Voter registration requirements, voter turnout, and welfare eligibility policy: Class bias matters

J. M. Avery, Mark Peffley

Research output: Contribution to journalArticlepeer-review

60 Scopus citations

Abstract

The 1990s saw some of the most dramatic changes in the American social welfare system in recent decades at both the national and state levels. In particular, states were granted, and took advantage of, much wider latitude in deciding who is eligible to receive welfare benefits. To what extent did the composition of a state's electorate influence the restrictiveness of the welfare eligibility requirements it adopted at this time? We find that in states where lower-class voter turnout was comparable to that of the upper class, lawmakers were less likely to pass restrictive welfare eligibility rules. We also find that electorates in states with restrictive voter registration laws are much more likely to be biased toward upper-class turnout. Thus, lower-class voter mobilization can affect the ability of the disadvantaged to achieve policies consistent with their interests, but state voter registration laws pose a substantial barrier to such mobilization.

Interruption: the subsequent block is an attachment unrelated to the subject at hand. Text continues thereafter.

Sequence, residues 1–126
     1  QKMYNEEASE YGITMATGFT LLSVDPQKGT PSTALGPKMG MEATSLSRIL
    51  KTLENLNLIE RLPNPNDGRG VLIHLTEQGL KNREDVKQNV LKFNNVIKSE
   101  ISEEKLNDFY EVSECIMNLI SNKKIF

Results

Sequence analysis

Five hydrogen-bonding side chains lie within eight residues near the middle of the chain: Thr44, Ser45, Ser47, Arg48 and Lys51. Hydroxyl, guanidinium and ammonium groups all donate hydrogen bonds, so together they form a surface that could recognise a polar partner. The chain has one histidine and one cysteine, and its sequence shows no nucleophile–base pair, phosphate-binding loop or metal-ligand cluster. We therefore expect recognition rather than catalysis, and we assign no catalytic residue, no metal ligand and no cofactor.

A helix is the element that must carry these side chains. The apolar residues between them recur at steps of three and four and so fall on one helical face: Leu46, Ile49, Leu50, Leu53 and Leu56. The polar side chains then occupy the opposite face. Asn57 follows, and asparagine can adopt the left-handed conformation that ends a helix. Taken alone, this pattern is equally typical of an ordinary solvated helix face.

Original languageEnglish
Pages (from-to)47-67
Number of pages21
JournalState Politics and Policy Quarterly
Volume5
Issue number1
DOIs
StatePublished - 2005

ASJC Scopus subject areas

  • Arts and Humanities (miscellaneous)
  • Political Science and International Relations

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